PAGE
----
A $13.3 million federal grant awarded to the Los Angeles Gay & Lesbian Center will go to help homeless gay teens.

The grant, awarded by the U.S. Department of Health and Human Services, will be used to launch a five-year intervention program that helps gay kids in foster care, juvenile detention centers or in their family homes where they may experience rejection before they wind up on the streets.

Many teens turn to living on the streets or to prostitution after being rejected by their families for being gay or after being forced to leave the foster system at the age of 18.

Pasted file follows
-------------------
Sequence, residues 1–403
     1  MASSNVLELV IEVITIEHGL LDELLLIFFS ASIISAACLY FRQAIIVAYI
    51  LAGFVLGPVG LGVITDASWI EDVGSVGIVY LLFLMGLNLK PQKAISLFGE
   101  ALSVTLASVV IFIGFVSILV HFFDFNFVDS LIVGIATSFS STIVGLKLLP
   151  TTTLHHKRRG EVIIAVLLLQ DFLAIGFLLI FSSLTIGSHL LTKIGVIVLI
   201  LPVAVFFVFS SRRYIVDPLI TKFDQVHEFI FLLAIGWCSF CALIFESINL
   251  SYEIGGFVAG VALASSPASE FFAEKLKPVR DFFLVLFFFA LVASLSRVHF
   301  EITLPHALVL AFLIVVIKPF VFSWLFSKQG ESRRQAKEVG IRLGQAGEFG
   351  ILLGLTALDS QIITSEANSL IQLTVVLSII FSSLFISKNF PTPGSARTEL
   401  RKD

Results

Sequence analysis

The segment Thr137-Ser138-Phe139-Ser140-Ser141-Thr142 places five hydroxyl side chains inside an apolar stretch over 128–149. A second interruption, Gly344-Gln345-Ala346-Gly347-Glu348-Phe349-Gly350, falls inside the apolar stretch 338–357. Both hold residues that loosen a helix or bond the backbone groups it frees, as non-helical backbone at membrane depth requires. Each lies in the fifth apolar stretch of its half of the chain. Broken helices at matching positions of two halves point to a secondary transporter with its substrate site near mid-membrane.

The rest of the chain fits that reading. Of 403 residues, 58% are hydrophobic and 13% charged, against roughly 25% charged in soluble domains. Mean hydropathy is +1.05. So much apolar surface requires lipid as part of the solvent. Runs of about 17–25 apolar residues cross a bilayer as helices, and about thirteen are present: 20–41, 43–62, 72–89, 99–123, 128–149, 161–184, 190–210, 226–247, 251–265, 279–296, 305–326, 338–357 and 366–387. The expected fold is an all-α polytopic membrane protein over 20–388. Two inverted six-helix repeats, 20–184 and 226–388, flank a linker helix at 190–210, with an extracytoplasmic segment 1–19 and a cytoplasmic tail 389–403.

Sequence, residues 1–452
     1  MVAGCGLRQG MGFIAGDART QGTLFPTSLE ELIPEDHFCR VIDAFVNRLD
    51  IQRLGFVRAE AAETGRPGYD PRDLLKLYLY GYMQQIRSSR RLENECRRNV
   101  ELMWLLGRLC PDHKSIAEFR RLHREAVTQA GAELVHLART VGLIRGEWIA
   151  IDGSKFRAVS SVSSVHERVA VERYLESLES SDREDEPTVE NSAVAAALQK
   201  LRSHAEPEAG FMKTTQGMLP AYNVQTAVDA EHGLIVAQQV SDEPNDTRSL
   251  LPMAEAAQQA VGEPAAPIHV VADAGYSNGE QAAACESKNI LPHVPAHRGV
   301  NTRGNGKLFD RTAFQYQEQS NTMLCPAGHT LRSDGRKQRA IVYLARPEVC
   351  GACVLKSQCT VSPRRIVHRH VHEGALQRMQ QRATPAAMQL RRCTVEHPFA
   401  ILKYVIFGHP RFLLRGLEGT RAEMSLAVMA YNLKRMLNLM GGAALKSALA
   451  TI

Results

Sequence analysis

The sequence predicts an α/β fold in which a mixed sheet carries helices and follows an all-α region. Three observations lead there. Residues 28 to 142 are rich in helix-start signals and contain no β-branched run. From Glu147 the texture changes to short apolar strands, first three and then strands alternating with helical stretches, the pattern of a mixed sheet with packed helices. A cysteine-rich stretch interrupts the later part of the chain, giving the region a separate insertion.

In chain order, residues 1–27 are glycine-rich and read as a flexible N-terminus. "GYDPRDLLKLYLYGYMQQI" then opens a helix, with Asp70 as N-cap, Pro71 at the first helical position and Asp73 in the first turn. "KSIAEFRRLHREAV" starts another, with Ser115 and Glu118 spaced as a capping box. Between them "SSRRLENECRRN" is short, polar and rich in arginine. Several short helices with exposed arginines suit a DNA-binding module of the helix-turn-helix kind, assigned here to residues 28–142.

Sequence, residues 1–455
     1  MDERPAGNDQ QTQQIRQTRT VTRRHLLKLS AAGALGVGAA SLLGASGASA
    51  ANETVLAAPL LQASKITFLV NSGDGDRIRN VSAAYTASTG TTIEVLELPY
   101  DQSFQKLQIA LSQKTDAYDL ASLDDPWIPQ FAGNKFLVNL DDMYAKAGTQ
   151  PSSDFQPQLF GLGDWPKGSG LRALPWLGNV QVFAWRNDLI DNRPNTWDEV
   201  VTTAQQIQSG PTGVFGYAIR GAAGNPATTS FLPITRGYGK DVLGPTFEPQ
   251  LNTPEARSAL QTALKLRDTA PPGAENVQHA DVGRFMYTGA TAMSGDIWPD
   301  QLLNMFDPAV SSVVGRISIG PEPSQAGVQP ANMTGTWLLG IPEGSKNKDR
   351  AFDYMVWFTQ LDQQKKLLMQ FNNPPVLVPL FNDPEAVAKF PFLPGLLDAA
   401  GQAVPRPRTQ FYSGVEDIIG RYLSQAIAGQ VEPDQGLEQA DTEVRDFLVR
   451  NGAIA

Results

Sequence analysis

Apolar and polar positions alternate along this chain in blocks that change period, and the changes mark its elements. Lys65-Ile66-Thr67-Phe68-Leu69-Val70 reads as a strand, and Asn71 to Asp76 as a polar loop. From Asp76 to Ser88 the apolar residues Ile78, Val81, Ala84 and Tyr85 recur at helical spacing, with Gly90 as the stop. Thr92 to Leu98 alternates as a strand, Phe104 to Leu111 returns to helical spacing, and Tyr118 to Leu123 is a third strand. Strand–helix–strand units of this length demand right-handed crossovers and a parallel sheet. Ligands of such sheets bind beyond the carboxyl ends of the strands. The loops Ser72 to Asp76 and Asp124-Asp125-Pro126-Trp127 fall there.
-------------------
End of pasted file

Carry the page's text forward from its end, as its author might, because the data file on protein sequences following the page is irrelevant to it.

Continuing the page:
“LGBTQ youth who aren't living on the streets because of a hostile home environment are often in the foster care system,” Lorri Jean, CEO of the L.A. Gay & Lesbian Center, said.

“Many are rejected by foster parents and move from home to home or are considered unadoptable and live in overburdened group homes. In either case, they're more likely to turn to drugs and crime, engage in unprotected sex, or commit suicide – and when they age out of the system at 18, they're coming to us homeless.”

Jean said the grant would be used to create a model program that would “protect the health and well-being of LGBTQ foster youth.”